At the same time, Bahama Breeze has been working to eliminate cost and complexity from their business model that does not add value to the guest experience. These structural business model changes have significantly increased restaurant level profitability. Based on this progress, Bahama Breeze is now ready to restart new unit growth. They have approved one new site which should open early in fiscal 2009 and are actively pursuing a pipeline of additional sites.

Smokey Bones had another difficult quarter, with overall business dynamics similar to what we have discussed with you in the past. Their same-restaurant sales decline of 5.2% was well below the Knapp-Track chain average in total. Our strategy for Smokey Bones remains the same. We need to stabilize the existing base business, especially in regions of relative strength, while we work to transform the brand in a way that will broaden appeal and make it more relevant for more dining occasions.

We told you last quarter about our test of a new direction for the business that builds upon our existing assets, and that includes good locations, a strong operations team, and a lodge setting that guests find extremely attractive, yet replaces the barbeque-centric parts of the brand that are a barrier to greater occasion breadth and increased frequency.

Rocky River Grillhouse opened in Cuyahoga Falls, Ohio, in November and thus far, sales have been strong and we are in the process of converting two existing Smokey Bones restaurants into Rocky River Grillhouse restaurants. The first of these four conversions opened Monday in a suburb of Indianapolis, and the second will open in April in a suburb of St. Louis. We anticipate converting several more Smokey Bones into Rocky River in fiscal 2008.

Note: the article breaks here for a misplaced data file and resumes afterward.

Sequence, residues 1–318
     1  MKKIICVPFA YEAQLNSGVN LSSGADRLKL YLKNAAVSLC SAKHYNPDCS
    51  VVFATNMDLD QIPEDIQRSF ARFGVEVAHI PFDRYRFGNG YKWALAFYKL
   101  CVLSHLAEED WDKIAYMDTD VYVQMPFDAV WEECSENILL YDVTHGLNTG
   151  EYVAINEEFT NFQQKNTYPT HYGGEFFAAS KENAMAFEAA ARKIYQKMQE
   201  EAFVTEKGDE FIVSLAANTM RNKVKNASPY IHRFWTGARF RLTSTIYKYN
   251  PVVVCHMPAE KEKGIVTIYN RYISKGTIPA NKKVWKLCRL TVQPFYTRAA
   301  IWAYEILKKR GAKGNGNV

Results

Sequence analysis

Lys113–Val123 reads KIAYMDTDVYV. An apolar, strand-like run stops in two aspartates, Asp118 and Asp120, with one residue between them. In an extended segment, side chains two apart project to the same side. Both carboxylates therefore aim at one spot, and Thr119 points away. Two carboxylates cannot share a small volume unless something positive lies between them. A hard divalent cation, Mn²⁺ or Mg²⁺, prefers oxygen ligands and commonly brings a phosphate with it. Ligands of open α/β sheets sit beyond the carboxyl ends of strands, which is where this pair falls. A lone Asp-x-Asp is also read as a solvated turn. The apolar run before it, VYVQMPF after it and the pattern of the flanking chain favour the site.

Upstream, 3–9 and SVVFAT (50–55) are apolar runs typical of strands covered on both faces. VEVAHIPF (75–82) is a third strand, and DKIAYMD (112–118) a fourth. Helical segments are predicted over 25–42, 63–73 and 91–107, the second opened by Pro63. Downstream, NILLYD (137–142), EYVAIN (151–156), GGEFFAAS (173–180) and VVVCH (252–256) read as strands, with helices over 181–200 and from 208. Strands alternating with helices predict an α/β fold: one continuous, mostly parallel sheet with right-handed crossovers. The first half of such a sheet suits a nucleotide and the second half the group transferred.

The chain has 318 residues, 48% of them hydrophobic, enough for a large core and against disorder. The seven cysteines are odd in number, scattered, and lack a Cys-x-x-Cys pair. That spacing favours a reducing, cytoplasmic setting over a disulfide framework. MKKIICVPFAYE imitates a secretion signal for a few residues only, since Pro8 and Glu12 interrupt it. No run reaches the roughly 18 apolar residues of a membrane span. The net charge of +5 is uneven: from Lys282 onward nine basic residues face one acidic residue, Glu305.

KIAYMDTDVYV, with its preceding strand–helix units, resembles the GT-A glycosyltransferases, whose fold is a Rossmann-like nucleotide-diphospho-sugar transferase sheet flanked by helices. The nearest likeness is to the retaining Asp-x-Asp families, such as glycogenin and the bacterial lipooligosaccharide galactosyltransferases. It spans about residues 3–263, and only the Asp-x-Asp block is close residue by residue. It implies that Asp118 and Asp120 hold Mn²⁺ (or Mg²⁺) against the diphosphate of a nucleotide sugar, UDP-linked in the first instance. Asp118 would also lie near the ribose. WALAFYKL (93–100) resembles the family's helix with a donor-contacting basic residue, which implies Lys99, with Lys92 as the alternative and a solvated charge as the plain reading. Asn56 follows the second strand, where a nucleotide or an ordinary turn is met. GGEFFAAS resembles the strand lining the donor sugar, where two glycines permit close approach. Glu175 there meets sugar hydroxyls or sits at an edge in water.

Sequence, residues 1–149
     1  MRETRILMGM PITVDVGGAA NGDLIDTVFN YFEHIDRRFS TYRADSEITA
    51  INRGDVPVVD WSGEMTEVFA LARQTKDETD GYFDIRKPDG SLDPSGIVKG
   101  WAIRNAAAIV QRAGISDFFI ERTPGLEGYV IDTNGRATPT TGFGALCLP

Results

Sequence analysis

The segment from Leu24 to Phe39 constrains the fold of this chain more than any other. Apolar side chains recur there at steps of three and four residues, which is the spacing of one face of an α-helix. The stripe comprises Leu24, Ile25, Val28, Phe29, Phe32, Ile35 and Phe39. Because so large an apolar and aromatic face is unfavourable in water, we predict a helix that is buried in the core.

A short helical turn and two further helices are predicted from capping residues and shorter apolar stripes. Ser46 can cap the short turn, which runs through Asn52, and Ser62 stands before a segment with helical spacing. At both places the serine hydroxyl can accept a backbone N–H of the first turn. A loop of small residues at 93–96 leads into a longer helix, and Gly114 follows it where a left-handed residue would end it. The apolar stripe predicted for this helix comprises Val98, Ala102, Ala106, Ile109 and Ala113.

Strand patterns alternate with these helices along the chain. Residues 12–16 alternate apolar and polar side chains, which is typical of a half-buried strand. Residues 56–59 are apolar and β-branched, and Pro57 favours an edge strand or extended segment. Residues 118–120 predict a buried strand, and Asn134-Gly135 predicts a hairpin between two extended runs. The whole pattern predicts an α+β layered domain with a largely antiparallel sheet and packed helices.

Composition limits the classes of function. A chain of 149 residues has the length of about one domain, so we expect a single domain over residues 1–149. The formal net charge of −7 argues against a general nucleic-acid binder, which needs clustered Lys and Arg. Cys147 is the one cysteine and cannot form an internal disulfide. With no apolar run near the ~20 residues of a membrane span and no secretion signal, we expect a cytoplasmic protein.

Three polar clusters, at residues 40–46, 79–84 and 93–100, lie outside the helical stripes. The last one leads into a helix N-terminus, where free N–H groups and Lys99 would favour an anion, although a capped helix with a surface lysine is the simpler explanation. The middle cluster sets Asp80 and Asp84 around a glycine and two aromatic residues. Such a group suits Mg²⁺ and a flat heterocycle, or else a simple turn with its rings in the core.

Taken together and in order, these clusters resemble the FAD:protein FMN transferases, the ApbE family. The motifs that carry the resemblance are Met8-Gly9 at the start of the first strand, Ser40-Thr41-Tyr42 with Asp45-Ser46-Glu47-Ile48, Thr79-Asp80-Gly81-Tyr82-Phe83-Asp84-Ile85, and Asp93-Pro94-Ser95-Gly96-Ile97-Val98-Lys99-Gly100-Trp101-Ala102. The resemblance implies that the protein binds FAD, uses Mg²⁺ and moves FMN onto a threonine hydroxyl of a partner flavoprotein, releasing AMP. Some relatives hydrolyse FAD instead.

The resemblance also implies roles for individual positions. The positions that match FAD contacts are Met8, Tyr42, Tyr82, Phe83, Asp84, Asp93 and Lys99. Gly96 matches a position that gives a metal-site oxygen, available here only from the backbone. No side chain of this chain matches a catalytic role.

Now we are pleased that their sales have been strong in the first test location but we also realize we still have much to learn and much more work to do. We will update you on the progress of this test as appropriate going forward.

And, in a separate press release yesterday, we announced that Seasons 52 will begin the next phase of its development, which includes continuing to operate its seven existing restaurants with excellence and developing the real estate and talent pipelines for another three or so openings over the next two years.

We also announced the retirement of Blaine Sweatt, President of Darden's new business division and creator of many concepts here at Darden, including Olive Garden, Bahama Breeze, Smokey Bones and Seasons 52. In addition, we announced that Stephen Judge has joined Darden as President of Seasons 52.

Blaine has been an outstanding business and community leader for many years and we will certainly miss his insight and expertise at Darden. Stephen has earned a reputation as a very successful operator at high-end, innovative dining concepts in both luxury and high-growth hospitality venues. He comes to us most recently from MGM Grand Hotel, where he led all food and beverage operations. We look forward to his leadership at Seasons 52 as they begin their next stage of development. Clarence.

Clarence Otis